[e2e] Congestion control as a hot topic in IETF

Barath Raghavan barath at ICSI.Berkeley.EDU
Thu Mar 7 06:28:50 PST 2013

Just to weigh in on our work on Decongestion Control -- Jon is right that it wasn't about making a congestion-free Internet, but rather about making the case that it's possible for an Internet-like network to achieve high goodput despite extreme packet loss.

We did significant followup work beyond our 2006 HotNets paper, but it was never published.  A few of the things we found:

1. The notion of dead packets, per Patterns of Congestion Collapse (Kelly, Floyd, and Shenker), is key when you have a protocol that induces heavy loss.

2. That a refined notion of dead packets, which we called zombie packets, reflected the true loss of capacity when using Decongestion Control.  The idea is that if an eventually-dropped packet is wasting network resources that could have been used by packets that would have contributed to overall goodput, then the packet is a zombie packet.

3. For networks structured like those of backbone ISPs (circa 2008), firehose Decongestion Control, in which senders send as fast as possible, would result in poor network-wide goodput due to high zombie packet rates.  However, another approach, ratio Decongestion Control, in which senders send at a fixed fraction above their goodput, achieved near optimal goodput (we used 20% -- i.e., if a flow is getting 10Mbps goodput, send at 12Mbps).  This latter approach is aligned with a sender's incentives (i.e., there's no reason for them to send faster than their goodput), and yet also yields good performance from the network's perspective.

The bottom line for me was that it's possible to run a network like this, and that if done right (as we found in our implementation), you don't even have to use rateless codes to mask most losses if you have a decent SACK-like mechanism (making the coding cost minimal to zero depending on the type of flow).


On Mar 6, 2013, at 3:29 PM, Jon Crowcroft wrote:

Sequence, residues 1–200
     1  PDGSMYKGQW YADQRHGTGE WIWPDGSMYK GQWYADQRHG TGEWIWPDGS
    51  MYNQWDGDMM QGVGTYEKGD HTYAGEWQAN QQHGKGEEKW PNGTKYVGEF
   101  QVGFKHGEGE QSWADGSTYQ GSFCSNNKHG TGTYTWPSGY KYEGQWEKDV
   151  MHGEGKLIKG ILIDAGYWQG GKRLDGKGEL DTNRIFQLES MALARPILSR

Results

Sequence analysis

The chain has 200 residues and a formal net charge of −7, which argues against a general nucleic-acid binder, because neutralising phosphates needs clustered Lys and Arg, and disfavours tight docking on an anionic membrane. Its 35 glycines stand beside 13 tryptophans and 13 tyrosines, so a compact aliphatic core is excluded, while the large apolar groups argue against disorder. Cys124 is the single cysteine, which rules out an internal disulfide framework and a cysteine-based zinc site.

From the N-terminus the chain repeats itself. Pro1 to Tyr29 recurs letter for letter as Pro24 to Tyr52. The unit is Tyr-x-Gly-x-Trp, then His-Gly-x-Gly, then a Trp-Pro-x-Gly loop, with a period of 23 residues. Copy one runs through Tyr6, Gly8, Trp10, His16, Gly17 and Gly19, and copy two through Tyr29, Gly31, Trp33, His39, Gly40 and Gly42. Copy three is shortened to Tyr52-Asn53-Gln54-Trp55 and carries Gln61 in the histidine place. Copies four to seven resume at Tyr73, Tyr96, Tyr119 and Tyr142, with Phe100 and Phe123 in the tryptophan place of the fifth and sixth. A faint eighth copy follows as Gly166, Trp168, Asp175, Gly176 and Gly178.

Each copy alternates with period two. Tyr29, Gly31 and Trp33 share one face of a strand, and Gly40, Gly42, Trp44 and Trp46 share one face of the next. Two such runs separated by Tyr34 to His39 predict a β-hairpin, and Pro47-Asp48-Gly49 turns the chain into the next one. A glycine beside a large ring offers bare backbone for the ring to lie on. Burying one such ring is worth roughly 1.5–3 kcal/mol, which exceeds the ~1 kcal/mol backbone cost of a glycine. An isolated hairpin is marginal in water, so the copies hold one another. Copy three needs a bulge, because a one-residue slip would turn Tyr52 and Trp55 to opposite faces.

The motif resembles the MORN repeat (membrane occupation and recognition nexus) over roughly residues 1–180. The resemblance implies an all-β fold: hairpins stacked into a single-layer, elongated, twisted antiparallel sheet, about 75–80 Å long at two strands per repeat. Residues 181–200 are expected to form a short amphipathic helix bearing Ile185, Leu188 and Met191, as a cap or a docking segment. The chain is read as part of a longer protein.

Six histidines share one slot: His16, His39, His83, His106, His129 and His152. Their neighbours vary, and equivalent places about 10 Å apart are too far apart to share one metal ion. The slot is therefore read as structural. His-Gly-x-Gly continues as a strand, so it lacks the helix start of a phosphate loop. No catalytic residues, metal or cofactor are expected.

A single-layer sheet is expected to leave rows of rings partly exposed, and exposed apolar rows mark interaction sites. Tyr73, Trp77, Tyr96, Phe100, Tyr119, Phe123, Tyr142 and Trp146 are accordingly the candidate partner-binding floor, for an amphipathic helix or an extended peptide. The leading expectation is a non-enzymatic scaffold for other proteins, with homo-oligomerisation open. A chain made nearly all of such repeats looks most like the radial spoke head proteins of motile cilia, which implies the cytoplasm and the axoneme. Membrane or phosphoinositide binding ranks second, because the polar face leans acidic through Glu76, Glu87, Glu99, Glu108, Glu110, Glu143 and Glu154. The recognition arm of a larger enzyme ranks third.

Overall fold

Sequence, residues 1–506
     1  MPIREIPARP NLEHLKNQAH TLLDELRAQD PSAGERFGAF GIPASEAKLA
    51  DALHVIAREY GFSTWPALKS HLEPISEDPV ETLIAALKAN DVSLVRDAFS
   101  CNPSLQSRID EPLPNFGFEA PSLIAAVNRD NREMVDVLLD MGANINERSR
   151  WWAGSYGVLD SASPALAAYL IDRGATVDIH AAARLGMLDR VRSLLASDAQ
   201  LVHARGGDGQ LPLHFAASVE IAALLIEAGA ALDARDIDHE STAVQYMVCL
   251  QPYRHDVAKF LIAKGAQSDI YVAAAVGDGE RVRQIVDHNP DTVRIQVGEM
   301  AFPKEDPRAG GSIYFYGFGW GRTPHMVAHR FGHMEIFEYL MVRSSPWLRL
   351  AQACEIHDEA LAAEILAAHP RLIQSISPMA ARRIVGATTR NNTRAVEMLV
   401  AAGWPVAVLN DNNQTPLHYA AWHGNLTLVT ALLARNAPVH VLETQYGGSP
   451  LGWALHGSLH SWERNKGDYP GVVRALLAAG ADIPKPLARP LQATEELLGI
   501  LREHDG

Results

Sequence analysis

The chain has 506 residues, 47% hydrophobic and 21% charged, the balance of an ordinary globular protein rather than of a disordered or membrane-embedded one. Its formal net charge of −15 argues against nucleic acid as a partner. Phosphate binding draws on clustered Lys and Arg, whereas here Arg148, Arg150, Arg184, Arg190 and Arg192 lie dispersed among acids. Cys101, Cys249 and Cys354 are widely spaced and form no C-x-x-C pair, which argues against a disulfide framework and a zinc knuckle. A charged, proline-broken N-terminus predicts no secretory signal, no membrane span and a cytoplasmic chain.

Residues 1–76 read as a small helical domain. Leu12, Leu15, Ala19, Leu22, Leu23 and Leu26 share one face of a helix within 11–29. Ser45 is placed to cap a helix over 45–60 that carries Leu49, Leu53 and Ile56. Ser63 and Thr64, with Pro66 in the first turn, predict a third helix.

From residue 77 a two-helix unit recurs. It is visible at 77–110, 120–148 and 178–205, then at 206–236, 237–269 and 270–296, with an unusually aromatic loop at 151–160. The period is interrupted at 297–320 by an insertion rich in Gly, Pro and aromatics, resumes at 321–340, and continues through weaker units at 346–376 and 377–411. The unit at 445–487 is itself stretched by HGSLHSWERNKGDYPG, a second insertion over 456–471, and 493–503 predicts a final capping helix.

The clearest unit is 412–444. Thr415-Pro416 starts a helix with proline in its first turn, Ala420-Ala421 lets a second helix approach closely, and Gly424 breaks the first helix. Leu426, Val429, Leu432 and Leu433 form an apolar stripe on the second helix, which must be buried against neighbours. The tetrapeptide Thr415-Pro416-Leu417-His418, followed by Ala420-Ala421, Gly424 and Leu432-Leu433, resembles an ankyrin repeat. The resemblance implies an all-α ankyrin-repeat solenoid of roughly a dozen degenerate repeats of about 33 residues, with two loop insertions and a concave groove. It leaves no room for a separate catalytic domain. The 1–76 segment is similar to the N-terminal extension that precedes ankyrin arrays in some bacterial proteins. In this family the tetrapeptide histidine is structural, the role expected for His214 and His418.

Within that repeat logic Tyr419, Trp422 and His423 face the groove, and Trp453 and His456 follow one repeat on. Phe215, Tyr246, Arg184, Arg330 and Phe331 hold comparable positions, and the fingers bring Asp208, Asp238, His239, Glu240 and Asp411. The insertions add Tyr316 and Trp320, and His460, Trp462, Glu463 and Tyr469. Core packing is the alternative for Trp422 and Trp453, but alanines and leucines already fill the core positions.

> well I beg to differ about this work being about
> a "congestion control free" internet
> the decongestion control idea involves (as well as xor coding)
> a) fairness support at the edges of the net (under specified)
> and 
> b) active queue management in the core (a decent implemenation
> would need the same sort of virtual queue mechanisms a lot of
> decent ECN implemenations have looked at)
> so while the work is cool (for sure) and I am definitely in favour
> of exploring the design space, it doesn't amount really to 
> just "everyone send as fast as they can" at all - that doesn't seem
> a fair way to describe it
> so i'd claim it is still congestion control, just with a different
> partitioning of the functionality than a purist end2end (which is
> just fine - i am no purist:)
> there is also the long term argument that the ratio of core to edge capacity
> flips over every now and then -- see the figure in our paper
> http://www.cl.cam.ac.uk/~jac22/out/ripqos-rant.pdf
> and this makes a lot of things break badly (go to places where the
> core nets are massively under provisioned and you'll see what
> damage "just a little bit of packet loss" can do...
> In missive <51377F9F.1080206 at isae.fr>, Emmanuel Lochin typed:
>>> Hi all,
>>> We've attempted with success to implement a Decongestion Control 
>>> Transport Protocol following A. Snoeren and T. Bonald Infocom'09 paper : 
>>> "Is the law of Jungle sustainable for the Internet". We defined an 
>>> "Anarchical Networks" scenario and tested our proposal named DCTP with 
>>> Achoo (proposed by A. Snoeren) over a simulated ISP-like topology.
>>> Preliminary results tend to confirm that both Snoeren and Bonald are 
>>> right and that such architecture is sustainable.
>>> You'll find our first experiments in the slides available here: 
>>> http://www.lochin.net/tetrysjungle.pdf
>>> Emmanuel
>>> On 05/03/2013 13:07, Scharf, Michael (Michael) wrote:
>>>>> Am 04.03.2013 23:07, schrieb Scharf, Michael (Michael):
>>>>>> There has been some interesting research on whether a
>>>>> transport protocol could work without any congestion control.
>>>>> One reference is: B. Raghavan and A. Snoeren, "Decongestion
>>>>> Control", ACM SIGCOMM Workshop on Hot Topics in Networks, 2006.
>>>>> I remember that you, some years ago, asked whether networking
>>>>> can be done without flow control.
>>>> My comment is about network designs that typically assume erasure codes and flow-based queueing/scheduling in all network nodes. Actually, it took me a while to fully understand why this is no alternative to the way Internet congestion control works today. But, for what it is worth, I found the overall idea intesting.
>>>> Michael
>>> -- 
>>> Emmanuel Lochin
>>> Professeur ISAE - OSSI
>>> Institut Supérieur de l'Aéronautique et de l'Espace (ISAE)
>>> Issu du rapprochement SUPAERO et ENSICA
>>> 10 avenue Edouard Belin - BP 54032 - 31055 Toulouse cedex 4
>>> Tel : 05 61 33 91 85 - Fax : 05 61 33 91 88
>>> Web : http://personnel.isae.fr/emmanuel-lochin/
>>> ---
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> cheers
>  jon

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